Among the world’s oldest cultivated plants, multi-purpose Cannabis sativa has been used medicinally for thousands of years across various cultures.1,2
Parke-Davis, a US company once hailed as ‘the largest pharmaceutical company in the world’ advertised an extract of cannabis ‘grown in our own botanical gardens’ in the 1930s. The same decade saw cannabis prohibition laws spread across the US, which turned the one-time staple crop into an outlawed plant. This status shift was called necessary by proponents citing safety concerns, while other scholars detail the role bigotry played in criminalisation.3 Today, research into cannabis-derived treatment is again seeing tremendous growth despite a myriad of complicated and ever-changing laws worldwide regulating cannabis, its cannabinoids and related products. One cannabinoid has become the chemical dividing line between the legal and illegal ⎼ Δ9-tetrahydrocannabinol (THC).
THC is a psychoactive substance and tightly controlled. In 2018, the US Agricultural Improvement Act designated cannabis with less than 0.3% dry weight concentration THC to be hemp, which is legal throughout the US. A THC concentration over 0.3% earns the designation of marijuana, a federally controlled substance but legal for recreational and/or medical use in several states. The EU currently uses a less than 0.2% dry weight concentration THC limit to designate hemp, but the 2023 Common Agricultural Policy will boost that to 0.3%.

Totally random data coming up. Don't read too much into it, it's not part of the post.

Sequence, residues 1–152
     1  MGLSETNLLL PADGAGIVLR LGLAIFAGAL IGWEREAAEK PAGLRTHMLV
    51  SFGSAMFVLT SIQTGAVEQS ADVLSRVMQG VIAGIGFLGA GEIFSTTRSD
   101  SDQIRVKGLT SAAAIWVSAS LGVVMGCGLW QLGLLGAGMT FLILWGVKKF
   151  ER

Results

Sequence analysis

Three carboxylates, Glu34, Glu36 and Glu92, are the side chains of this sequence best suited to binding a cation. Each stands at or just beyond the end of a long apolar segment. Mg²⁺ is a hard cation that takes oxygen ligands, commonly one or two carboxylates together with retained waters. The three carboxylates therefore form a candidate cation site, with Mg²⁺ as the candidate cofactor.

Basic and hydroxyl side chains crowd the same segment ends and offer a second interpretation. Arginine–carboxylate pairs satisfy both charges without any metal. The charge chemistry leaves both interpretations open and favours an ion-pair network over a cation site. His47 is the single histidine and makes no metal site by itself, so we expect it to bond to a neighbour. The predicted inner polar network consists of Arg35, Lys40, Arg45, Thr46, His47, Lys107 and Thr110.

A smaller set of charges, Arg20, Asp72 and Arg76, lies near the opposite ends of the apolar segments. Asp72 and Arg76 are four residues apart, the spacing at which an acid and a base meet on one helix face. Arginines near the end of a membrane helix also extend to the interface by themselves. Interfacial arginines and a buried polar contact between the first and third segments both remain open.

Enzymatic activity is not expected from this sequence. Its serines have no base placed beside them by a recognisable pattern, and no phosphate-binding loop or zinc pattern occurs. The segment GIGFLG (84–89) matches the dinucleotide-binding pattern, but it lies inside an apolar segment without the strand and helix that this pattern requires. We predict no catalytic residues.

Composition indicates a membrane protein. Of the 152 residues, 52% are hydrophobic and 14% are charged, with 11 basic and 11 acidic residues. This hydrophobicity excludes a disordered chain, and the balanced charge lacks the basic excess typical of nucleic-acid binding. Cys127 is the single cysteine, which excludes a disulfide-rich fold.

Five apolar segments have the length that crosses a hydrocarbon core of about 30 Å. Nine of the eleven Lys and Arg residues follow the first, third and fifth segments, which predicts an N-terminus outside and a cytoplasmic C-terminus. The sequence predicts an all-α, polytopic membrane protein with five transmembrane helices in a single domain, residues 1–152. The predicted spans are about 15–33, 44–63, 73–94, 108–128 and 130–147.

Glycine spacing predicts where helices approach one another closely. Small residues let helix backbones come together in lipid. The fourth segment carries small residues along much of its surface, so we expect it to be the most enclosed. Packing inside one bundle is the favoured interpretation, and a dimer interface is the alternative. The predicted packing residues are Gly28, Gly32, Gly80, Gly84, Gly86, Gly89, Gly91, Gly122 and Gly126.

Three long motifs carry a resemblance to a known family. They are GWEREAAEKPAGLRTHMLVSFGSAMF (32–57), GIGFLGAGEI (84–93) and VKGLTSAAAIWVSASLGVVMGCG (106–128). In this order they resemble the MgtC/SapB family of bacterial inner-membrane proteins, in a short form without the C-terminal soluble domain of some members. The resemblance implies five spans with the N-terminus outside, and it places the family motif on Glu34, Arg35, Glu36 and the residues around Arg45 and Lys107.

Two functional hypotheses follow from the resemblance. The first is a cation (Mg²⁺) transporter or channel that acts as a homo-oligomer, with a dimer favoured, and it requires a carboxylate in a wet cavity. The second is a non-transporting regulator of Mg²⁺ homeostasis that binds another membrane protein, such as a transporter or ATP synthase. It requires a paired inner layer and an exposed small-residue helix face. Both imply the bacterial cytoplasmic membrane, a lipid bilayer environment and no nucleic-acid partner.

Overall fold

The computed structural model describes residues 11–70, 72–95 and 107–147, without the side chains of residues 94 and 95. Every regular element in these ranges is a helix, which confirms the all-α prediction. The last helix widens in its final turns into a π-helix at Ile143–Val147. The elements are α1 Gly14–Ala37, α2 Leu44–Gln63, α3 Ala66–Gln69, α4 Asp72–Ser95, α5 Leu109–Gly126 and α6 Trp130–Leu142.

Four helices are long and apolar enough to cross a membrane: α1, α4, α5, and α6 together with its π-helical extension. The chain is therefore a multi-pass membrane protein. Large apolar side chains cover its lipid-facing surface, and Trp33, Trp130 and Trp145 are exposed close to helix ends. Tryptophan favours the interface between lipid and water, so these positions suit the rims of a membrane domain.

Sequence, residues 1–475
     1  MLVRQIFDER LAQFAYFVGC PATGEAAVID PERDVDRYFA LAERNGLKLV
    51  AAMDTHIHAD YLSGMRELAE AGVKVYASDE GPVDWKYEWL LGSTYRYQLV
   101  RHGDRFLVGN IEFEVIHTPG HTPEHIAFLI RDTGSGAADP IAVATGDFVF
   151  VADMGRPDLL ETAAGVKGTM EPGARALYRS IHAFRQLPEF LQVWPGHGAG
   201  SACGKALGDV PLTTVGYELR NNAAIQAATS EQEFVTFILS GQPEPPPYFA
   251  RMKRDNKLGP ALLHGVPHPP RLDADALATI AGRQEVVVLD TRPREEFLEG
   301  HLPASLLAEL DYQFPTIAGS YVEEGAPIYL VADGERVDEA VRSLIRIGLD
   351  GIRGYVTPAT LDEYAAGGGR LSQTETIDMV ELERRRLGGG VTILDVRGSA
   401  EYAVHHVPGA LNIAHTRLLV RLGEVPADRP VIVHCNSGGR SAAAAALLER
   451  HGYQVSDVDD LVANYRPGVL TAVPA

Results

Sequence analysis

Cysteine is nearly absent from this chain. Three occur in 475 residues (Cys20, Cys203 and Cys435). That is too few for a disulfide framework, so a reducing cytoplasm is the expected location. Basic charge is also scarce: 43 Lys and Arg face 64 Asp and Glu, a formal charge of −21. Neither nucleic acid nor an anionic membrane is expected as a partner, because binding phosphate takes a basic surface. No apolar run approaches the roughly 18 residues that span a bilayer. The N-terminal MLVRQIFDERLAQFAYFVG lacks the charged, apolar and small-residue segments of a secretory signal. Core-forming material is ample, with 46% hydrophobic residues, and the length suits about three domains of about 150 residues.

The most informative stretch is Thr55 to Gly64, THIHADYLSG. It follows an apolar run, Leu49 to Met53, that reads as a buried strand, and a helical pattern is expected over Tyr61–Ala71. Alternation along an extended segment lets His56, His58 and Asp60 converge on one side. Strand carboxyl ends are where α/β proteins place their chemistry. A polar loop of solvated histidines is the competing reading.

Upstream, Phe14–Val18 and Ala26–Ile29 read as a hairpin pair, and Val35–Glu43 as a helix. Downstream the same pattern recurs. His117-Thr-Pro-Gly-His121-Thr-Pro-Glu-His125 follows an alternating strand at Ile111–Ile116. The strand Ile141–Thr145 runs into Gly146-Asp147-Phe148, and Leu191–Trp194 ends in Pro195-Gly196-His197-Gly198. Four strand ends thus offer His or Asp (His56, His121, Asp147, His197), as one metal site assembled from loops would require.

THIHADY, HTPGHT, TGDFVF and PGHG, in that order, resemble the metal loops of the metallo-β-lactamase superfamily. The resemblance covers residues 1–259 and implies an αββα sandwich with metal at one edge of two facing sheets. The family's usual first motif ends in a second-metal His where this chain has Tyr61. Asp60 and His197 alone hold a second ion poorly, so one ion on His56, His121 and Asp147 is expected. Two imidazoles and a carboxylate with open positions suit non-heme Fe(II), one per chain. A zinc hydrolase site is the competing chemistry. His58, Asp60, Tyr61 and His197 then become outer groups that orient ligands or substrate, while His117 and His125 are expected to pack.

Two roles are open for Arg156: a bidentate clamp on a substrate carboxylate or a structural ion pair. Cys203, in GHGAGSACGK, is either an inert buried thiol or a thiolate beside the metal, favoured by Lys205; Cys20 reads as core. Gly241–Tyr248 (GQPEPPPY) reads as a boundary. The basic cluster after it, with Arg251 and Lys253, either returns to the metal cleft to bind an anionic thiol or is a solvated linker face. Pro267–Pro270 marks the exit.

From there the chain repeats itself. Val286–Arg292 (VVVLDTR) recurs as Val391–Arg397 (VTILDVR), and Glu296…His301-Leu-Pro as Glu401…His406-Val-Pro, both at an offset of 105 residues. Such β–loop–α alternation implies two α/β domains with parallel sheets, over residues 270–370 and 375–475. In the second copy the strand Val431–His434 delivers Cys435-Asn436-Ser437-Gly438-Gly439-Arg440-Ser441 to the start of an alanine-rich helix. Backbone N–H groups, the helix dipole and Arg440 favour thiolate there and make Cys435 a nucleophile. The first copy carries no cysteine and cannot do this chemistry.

Another cannabinoid – cannabidiol (CBD) – has a far more relaxed status than THC. CBD has been traditionally considered non-psychoactive though, like THC, it is pharmacologically active. A blunt simplification is that THC can get a person high while CBD cannot.
Sharing a source with THC means sharing the scrutiny and regulations levelled at THC
Research and development exploring THC and CBD (along with cannabis or cannabis derived products) as treatment drugs for an array of conditions has seen tremendous growth, though the number of approved drugs is small. Beyond approved pharmaceuticals, CBD is popping up in ‘shampoos, lattes, body oils, gummy bears and dog treats’ and is sold online, at farmers markets, local shops, and in major retail outlets. The more widespread legal use of CBD does not mean products have no oversight worldwide. Sharing a source with THC means sharing the scrutiny and regulations levelled at THC. CBD sourced from a plant deemed marijuana rather than hemp can be illegal. CBD products with ‘too much’ THC can be illegal. A CBD product’s legality can often come down to how much THC is present at some stage of growth or production, necessitating reliable qualitative and quantitative analysis.
Given that CBD products are often complex matrices like foodstuffs, beauty products and e-liquids for vaping, separation techniques are an analytical go-to. Gas chromatography–mass spectrometry (GC–MS) is a popular choice for evaluating cannabis-related samples, as it can resolve complicated mixtures and provide sensitive, selective and speedy analysis. A drawback is that thermally sensitive compounds may fall apart, miring measurements in complications. Decomposition products may artificially inflate determinations of one targeted compound while deflating another. In forensic chemistry, this may land products and persons on the wrong side of the law.